Adding Vectors Graphically and Component Method
Objective
To learn how to add vectors graphically and component method and compare with
expected resultant vector.
Equipment
1. protractor
2. ruler
3. paper
4. force table
5. set of masses
6. triple-beam bal
1. What are (a) the x component and (b) the y component of a vector a in the xy
plane if its direction is 250 counterclockwise from the positive direction of the x
axis and its magnitude is 7.3 m?
5. A ship sets out to sail to a point 120 km due north. An
CLASSICAL MECHANICS (WHAT IS IT?)
The main problem of classical mechanics is to use its laws
and principles to describe the motion (position and velocity)
of a body at any time given some set of initial conditions.
The laws of Classical Mechanics (especia
Collisions
Def: A collision is an event in which 2 or more objects
interact for a very short period of time. During this time, the
external forces (if any) on the system are much smaller than
the internal impulsive forces between the objects and thus
can
Spring Force
How do we calculate the work done by a non-constant force? Before we answer
the question lets consider the spring force which is an example of a nonconstant force.
Consider the following Spring-Mass System.
a) Note that the spring force Fs is
SCALAR (DOT) PRODUCT
Before we define work in physics we need to first define the scalar (dot) product between
two vectors. The reason for this is because we will define work in terms of the scalar (dot)
product between the force vector and displacement v
POTENTIAL ENERGY
Often the work done on a system of two or more objects does not change the kinetic energy of
the system but instead it is stored as a new type of energy called POTENTIAL ENERGY. To
demonstrate this new type of energy lets consider the fol
VECTORS
DEF: A vector is a quantity that has both magnitude and direction.
DEF: A scalar is a quantity that has magnitude but NO direction.
Ex.
Vectors
Force
Velocity
Displacement
Momentum
Ex.
Scalars
Temperature
Time
Mass
Speed
Vector Notation
A Boldface
Chapter 4 Homework Problems Solution
13. A particle moves so that its position (in meters) as a function of time (in seconds) is
r i 4t 2 j t k . Write expressions for (a) its velocity and (b) its acceleration as functions
of time.
21. A dart is thrown ho
Physics 2A Even Problem Answers
Chapter 2
2. (a) 1.74 m/s; (b) 2.14 m/s
4. 48 km/h
28. a)5.00 s b)61.5 m c) graph
30. (a) 2.5 s
36. (a) 56.6 s; (b) 31.8 m/s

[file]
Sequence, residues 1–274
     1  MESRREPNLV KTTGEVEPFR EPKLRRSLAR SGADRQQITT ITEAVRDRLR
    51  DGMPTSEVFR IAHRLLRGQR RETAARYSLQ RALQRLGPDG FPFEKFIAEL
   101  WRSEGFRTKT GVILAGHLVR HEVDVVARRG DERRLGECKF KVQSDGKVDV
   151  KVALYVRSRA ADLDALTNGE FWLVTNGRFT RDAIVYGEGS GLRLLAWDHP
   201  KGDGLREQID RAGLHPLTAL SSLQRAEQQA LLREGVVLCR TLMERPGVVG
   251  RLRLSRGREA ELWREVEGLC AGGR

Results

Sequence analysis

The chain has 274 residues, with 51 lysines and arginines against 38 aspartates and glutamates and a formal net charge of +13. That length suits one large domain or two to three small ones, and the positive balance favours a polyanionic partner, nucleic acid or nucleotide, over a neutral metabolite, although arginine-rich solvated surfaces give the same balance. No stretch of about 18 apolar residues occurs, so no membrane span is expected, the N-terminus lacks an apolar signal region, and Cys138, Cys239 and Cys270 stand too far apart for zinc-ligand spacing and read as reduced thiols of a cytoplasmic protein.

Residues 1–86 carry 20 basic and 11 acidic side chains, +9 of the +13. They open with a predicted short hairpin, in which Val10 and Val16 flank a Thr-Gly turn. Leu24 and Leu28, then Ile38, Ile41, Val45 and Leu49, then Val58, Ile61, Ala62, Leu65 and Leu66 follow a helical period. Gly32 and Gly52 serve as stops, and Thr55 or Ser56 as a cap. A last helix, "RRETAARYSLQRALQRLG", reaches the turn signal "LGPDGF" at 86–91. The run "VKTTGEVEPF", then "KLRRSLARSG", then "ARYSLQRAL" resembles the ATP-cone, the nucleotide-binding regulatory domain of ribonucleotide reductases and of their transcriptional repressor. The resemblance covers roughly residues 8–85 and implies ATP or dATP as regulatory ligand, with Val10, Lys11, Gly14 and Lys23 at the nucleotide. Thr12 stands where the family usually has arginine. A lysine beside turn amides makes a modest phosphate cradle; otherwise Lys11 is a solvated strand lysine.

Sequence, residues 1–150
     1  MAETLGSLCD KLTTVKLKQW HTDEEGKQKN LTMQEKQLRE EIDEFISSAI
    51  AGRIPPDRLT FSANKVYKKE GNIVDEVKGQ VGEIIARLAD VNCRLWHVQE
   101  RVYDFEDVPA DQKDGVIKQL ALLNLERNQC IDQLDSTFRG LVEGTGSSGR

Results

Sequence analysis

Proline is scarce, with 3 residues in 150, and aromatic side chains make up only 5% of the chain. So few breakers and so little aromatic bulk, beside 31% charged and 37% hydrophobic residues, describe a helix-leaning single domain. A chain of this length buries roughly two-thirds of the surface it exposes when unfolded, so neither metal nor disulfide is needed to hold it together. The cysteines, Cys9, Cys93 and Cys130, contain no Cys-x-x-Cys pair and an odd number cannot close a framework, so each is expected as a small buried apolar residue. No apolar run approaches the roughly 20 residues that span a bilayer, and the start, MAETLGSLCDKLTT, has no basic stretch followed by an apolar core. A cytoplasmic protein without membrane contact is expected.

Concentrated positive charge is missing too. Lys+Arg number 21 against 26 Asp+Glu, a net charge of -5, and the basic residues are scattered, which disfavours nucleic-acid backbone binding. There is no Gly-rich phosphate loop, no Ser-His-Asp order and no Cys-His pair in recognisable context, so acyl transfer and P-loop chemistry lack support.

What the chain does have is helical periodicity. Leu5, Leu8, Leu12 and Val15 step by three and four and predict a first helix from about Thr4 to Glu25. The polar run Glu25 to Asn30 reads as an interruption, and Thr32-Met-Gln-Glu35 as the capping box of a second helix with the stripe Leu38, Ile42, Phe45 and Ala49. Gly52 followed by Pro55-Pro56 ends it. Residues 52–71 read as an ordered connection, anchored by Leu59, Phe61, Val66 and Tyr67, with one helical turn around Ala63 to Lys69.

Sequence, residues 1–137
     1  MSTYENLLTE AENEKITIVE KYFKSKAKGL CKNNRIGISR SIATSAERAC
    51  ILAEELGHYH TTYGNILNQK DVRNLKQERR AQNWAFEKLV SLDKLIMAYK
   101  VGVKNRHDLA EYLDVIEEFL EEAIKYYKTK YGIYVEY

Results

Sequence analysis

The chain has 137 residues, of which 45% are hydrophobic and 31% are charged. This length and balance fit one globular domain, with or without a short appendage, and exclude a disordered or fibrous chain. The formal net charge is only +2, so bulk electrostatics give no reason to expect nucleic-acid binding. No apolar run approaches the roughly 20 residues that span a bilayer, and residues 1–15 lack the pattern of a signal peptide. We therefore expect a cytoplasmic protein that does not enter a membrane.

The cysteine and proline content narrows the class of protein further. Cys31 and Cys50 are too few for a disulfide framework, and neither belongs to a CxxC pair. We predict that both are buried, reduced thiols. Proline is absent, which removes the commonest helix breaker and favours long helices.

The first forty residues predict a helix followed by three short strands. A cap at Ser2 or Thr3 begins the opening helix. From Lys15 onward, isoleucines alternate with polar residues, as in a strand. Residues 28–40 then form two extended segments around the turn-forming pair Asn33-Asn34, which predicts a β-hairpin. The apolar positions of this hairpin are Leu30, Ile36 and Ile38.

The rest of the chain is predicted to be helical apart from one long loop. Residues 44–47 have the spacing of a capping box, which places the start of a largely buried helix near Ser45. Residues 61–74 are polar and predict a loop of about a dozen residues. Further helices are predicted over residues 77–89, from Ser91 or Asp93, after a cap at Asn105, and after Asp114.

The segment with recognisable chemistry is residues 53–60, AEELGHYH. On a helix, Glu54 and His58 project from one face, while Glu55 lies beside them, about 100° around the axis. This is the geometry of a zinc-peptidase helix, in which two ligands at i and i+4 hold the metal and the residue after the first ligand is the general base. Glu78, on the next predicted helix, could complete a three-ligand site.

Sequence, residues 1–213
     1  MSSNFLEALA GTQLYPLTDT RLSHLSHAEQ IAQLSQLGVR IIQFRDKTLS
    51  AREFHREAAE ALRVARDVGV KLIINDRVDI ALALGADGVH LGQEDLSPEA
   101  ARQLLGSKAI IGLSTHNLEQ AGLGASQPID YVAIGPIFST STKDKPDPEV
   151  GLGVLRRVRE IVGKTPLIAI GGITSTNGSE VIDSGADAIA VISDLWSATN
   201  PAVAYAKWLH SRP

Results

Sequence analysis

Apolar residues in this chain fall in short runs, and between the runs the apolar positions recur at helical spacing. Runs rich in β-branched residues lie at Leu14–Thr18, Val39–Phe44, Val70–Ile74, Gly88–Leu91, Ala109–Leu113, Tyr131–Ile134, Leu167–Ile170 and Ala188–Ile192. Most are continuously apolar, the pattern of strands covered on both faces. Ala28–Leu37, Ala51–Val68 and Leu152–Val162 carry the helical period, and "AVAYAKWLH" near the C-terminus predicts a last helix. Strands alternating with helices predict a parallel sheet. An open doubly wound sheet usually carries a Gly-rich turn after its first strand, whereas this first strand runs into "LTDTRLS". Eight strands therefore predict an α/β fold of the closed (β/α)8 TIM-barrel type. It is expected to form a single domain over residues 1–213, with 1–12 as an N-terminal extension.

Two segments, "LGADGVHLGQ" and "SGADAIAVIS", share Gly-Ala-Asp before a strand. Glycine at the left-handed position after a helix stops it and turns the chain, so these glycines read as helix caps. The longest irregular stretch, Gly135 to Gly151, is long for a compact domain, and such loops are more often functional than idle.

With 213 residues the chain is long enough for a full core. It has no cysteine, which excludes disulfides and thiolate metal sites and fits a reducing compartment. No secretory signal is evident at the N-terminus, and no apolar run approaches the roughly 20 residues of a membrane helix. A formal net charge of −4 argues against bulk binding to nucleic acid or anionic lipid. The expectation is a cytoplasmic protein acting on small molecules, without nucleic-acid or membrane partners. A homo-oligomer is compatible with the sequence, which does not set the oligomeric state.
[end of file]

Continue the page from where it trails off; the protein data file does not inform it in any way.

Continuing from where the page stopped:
38. (a) 32.9 m/s; (b) 49.1 s; (c) 11.7 m/s
60. 26 m
64. (a) 8.0 m/s2; (b) 20 m/s
66. (a) 0.13 m; (
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Physics 2A Lecture Final Review
1. MOTION IN 1-D
a) Understand the terms and concepts required to describe the motion of a particle
moving in one dimension.
b) Know how to use the kinematic equations to describe the motion of an object moving
with constan
DO NOT TURN THIS PAGE!
Name: _
Physics 2A
Winter 2010
Exam 3
MAKE SURE TO SHOW ALL WORK IN COMPLETE DETAIL! NO CREDIT WILL BE GIVEN IF NO
WORK IS SHOWN! EXPRESS ALL ANSWERS IN SI UNITS.
1. A bead slides without friction around a loop-the-loop as shown bel
MEASURING YOUR REACTION TIME
Objective
1. Calculate your reaction time and compare to the reaction time of the class.
2. Compare the reaction time of males and females in the class.
3. Compare the reaction time in terms of age for the class.
Equipment
1.
MEASUREMENTS AND ERROR ANALYSIS
Objective
1. To learn how to use the following measuring devices and understand the
uncertainties associated with them.
a) meter stick
b) metric ruler
c) triple-beam balance
d) digital balance
e) vernier calipers
2. Calcula
MEASUREMENTS AND ERROR ANALYSIS
Objective
1. To learn how to use the following measuring devices and understand the
uncertainties associated with them.
a) meter stick
b) metric ruler
c) triple-beam balance
d) digital balance
e) vernier calipers
2. Calcula
CENTRIPETAL ACCELERATION
OBJECTIVE
To calculate the net force on an object moving in uniform circular motion and compare
with the expected value.
THEORY
A. Mass Rotating in Uniform Circular Motion
Consider the Centripetal Force Apparatus below. The mass M